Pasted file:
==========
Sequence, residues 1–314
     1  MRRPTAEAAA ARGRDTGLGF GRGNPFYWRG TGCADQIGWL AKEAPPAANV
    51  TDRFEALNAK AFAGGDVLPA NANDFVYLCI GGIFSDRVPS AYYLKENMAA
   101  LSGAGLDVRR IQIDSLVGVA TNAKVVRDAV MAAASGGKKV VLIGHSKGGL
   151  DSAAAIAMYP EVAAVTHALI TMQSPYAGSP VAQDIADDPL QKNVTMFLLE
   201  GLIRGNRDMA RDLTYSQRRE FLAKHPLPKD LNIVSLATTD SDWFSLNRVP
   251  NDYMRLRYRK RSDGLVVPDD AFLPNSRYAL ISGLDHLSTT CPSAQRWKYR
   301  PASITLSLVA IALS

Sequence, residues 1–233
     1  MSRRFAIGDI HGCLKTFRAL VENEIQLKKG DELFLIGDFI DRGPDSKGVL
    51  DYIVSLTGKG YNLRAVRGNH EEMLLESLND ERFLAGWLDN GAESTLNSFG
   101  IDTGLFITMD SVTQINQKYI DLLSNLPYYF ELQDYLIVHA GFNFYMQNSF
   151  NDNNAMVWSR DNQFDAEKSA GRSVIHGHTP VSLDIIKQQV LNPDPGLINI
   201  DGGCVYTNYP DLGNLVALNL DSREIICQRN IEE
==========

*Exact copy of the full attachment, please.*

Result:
Sequence, residues 1–314
     1  MRRPTAEAAA ARGRDTGLGF GRGNPFYWRG TGCADQIGWL AKEAPPAANV
    51  TDRFEALNAK AFAGGDVLPA NANDFVYLCI GGIFSDRVPS AYYLKENMAA
   101  LSGAGLDVRR IQIDSLVGVA TNAKVVRDAV MAAASGGKKV VLIGHSKGGL
   151  DSAAAIAMYP EVAAVTHALI TMQSPYAGSP VAQDIADDPL QKNVTMFLLE
   201  GLIRGNRDMA RDLTYSQRRE FLAKHPLPKD LNIVSLATTD SDWFSLNRVP
   251  NDYMRLRYRK RSDGLVVPDD AFLPNSRYAL ISGLDHLSTT CPSAQRWKYR
   301  PASITLSLVA IALS

Sequence, residues 1–233
     1  MSRRFAIGDI HGCLKTFRAL VENEIQLKKG DELFLIGDFI DRGPDSKGVL
    51  DYIVSLTGKG YNLRAVRGNH EEMLLESLND ERFLAGWLDN GAESTLNSFG
   101  IDTGLFITMD SVTQINQKYI DLLSNLPYYF ELQDYLIVHA GFNFYMQNSF
   151  NDNNAMVWSR DNQFDAEKSA GRSVIHGHTP VSLDIIKQQV LNPDPGLINI
   201  DGGCVYTNYP DLGNLVALNL DSREIICQRN IEE